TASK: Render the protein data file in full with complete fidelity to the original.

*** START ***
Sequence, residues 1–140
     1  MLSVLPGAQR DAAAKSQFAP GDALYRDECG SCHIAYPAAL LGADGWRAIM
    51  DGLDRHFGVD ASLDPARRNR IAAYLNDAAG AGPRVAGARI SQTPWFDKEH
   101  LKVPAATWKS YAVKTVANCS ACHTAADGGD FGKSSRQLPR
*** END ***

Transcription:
Sequence, residues 1–140
     1  MLSVLPGAQR DAAAKSQFAP GDALYRDECG SCHIAYPAAL LGADGWRAIM
    51  DGLDRHFGVD ASLDPARRNR IAAYLNDAAG AGPRVAGARI SQTPWFDKEH
   101  LKVPAATWKS YAVKTVANCS ACHTAADGGD FGKSSRQLPR